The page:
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19 February, 2015

Faust at Sydney Opera House ... opera at its very best!

Faust by Gounod at the Sydney Opera House Tuesday 17th Feb 2015
This was the most totally enjoyable and enthralling opera performance I have seen in Australia for years.  Few of the New York Mets recent performances I have seen exceeded the quality and quantity of this rendition of Gounods Faust by veteran David McVicar and Charles Edwards (sets). 
It was like old times when we often saw a clever production with high quality orchestra under Guillaume Tourniaire.  But this time we also had top class singers from here and overseas with some very special high points both dramatically and vocally.  Most every production detail came from the libretto. 
This opera production has EVERYTHING when in doubt, add more!  Love scene, soldiers’ chorus, mad scene, serious ballet, religious saviour scene, devil-takes-all, wine-from-water, blood from stone, group sex, sword fight, death scenes, etc plus lots and lots of beautiful singing.  And much of it is can belto - from the absurd reductio school of (1) bel canto, (2) can belto, (3) cant belto, (4) cant canto.  But devil do’th. 
The production was dominated by a massive mobile set of stairs leading to a pipe organ high on stage right.  Sets moved through a small chapel, village square, adjoining town houses, massive church centrepiece, interiors and more.  Costumes were colourful, traditional and often ravishing.  Lighting was atmospheric and meaningful.  A discussion in the interval with a psychiatrist informed me that Goethe's story is really just about all of us as we get older ... we would like to relive previous pleasures, we would like to be young again, we are constantly tempted by devils of all types.  Yet it is a fantasy. 
Teddy Tahu-Rhodes may be the most over-exposed baritone in Australia, much amplified in musical comedies.  Yet he returns to opera and sings and acts at the highest standard, and rarely with as many costume changes as this Mefisto.  Most dramatic and unexpected perhaps was the drag devil dressed suddenly in a large black gown with low cleavage and bustle, hosting a raunchy hot spot cabaret in Paris, complete with Tour Eiffel proscenium. 
New American Tenor Michael Fabiano is indeed impressive - starting with an almost unbelievable transformation from frail, suicidal geriatric to Hollywood handsome tenor.  And he can sing.  High, low, fast, slow, loud, soft he has it all.  And with breath control to manage any legato line and more.  Salut, demeure chaste et pure was beautifully interpreted.  Not a hint of falsetto in this aria yet he used a customised soprano range to advantage elsewhere in Act 3.  On his web page Fabiano sings the almost unsingable aria (resurrected by Richard Bonynge) from Act III of Lucrezia Borgia.  And unlike each previous rendition I have heard, it is supremely beautiful to the fiendishly difficult last notes. 
Australias Nicole Car sings Marguerite with √©lan and ease, soaring to the highest notes after expressive legato singing.  Her trill is not like Sutherlands but nobodys is!  And unlike the latter, Car can look young, virtuous and virginal.  Her Jewel song was deservingly well received as were her tonsillar hystrionics towards the end of the opera.  The operas final trio was absolutely and heavenly elating, including organ and ethereal choir (unseen in the auditorium from darkened loges C and Z).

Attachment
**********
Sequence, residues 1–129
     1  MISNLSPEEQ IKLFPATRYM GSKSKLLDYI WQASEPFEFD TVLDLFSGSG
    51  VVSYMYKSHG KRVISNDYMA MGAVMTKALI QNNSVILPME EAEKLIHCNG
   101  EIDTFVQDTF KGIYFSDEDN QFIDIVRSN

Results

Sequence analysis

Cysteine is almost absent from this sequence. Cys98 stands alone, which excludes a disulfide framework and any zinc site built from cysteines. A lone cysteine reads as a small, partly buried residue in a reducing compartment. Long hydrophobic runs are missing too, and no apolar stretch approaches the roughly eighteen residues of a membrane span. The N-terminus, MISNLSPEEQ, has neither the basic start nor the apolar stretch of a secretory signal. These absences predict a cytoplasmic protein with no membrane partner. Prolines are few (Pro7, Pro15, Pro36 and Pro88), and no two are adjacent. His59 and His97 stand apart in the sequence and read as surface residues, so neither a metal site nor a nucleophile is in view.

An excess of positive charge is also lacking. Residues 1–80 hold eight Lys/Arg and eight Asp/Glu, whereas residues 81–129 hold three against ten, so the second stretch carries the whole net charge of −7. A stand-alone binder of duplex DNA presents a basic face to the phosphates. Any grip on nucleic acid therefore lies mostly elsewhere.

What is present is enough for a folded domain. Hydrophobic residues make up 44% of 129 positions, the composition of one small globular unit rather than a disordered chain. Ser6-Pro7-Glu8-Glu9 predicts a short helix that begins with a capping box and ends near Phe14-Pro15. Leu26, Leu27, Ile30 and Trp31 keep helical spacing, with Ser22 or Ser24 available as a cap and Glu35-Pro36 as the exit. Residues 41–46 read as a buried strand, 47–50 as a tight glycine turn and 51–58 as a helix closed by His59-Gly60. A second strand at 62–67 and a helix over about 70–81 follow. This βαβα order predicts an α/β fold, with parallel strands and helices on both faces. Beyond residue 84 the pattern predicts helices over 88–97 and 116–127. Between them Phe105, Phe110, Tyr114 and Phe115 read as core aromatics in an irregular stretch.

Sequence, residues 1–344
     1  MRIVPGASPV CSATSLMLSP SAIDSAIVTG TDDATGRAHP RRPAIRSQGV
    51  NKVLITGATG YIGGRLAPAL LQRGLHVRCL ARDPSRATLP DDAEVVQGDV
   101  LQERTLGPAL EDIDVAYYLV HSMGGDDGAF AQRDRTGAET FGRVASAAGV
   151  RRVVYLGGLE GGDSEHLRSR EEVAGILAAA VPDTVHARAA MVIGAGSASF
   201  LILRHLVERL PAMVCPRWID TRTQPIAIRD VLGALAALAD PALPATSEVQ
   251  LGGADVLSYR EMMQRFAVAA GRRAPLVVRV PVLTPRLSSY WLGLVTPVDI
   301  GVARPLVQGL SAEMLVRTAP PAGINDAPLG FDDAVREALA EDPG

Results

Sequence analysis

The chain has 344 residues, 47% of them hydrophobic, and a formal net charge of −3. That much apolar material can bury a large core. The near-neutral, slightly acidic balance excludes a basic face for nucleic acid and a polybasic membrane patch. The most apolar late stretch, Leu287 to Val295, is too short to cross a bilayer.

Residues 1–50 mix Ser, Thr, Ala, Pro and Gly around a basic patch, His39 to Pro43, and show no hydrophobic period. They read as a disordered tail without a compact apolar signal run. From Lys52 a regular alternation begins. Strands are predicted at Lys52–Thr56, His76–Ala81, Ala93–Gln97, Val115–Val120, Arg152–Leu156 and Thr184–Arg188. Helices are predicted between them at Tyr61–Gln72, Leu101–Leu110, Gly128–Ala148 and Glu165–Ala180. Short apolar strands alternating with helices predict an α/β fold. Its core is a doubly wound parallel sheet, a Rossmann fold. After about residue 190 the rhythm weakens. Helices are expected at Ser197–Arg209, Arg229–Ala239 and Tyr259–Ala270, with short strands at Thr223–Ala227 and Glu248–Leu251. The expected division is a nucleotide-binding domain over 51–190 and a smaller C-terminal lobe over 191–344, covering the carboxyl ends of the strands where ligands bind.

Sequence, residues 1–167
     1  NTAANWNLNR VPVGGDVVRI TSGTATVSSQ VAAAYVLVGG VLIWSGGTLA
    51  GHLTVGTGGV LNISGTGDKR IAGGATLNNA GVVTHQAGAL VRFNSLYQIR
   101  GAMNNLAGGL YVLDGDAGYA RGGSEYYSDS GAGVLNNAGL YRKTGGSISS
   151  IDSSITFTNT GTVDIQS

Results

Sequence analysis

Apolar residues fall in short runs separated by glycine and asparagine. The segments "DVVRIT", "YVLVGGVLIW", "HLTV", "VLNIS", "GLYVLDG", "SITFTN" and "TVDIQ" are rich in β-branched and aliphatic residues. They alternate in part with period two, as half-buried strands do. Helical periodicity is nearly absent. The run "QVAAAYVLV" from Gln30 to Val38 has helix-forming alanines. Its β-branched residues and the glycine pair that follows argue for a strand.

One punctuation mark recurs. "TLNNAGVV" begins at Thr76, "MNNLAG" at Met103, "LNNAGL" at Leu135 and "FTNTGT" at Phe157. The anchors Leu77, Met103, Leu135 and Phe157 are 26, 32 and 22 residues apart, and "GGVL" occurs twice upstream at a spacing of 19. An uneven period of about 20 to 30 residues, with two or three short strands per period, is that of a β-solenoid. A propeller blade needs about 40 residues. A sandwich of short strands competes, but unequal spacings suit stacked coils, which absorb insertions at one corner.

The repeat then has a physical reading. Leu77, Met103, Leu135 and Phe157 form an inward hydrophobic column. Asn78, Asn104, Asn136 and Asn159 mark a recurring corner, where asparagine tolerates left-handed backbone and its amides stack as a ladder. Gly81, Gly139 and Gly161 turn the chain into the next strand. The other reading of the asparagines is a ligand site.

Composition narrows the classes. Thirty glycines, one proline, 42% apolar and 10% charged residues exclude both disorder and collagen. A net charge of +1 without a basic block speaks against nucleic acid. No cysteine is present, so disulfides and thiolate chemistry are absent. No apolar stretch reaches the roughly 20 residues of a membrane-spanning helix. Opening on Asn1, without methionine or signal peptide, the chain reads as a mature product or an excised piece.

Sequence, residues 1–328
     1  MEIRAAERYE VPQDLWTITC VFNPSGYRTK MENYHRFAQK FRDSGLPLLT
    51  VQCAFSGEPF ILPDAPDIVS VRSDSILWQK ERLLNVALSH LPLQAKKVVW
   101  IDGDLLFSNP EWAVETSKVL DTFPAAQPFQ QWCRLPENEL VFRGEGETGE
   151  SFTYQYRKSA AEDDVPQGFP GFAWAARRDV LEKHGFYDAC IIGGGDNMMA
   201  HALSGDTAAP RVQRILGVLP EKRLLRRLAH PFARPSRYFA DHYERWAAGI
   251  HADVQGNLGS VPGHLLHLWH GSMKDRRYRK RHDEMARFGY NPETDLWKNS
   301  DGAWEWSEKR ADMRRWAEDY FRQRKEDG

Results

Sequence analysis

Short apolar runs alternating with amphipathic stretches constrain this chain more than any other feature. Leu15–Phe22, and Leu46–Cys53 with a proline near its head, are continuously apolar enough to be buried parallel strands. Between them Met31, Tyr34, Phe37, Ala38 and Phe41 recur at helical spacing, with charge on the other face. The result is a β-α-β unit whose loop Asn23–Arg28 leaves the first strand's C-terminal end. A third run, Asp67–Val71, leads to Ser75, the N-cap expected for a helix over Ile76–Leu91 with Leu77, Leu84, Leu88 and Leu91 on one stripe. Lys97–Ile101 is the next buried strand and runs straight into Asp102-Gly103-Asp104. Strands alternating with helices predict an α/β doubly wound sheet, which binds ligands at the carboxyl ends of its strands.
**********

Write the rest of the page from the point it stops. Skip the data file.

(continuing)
Giorgio Caoduro sings the ill-fated soldier brother Valentin with a most professional delivery.  His early party-stopper Avant de quitter ces lieux was splendid as was his dramatic death scene in act IV.  He showed fine portamento and never appeared beyond his substantial limits. 
Character roles Siebel, Wagner and Marthe were all well acquitted by company regulars Anna Dowsley, Richard Anderson and Dominica Matthews. 
I often find ballets in operas become boring and repetitive not so in this performance which had extensive and explicit dances in Act V. 
I am still concerned about vocal damage from second daily opera singing by the four principal singers - there are 3 performances in the first five days!  Does the company seriously think that centuries of experience and Maria Callas example were just wrong as they frequently break the two lay-day rule?  Animals have the RSPCA but singers don't even have a strong union!  Agents have a short term conflict of interest.  I spoke to a board member and retired singer during the single interval.  He agreed that he never sang more than two operas in a week, a testament to his career of 30+ years at the highest level with some of the greatest singers of the 20th century.  Yes, I may sound like a cracked record, cracked record, cracked record ...
My advice if you are in Sydney in the next three weeks: just get a ticket for this Faust despite a full house on opening night, loges B and X were virtually empty (sold only on the day of the performance and less than $50 per seat I believe).
Notes by Andrew Byrne ..
For those keen on cantorial singing (and Les Mis) try:

03 February, 2015

Madama Butterfly, Sydney Opera House, Tues 27 Jan 2015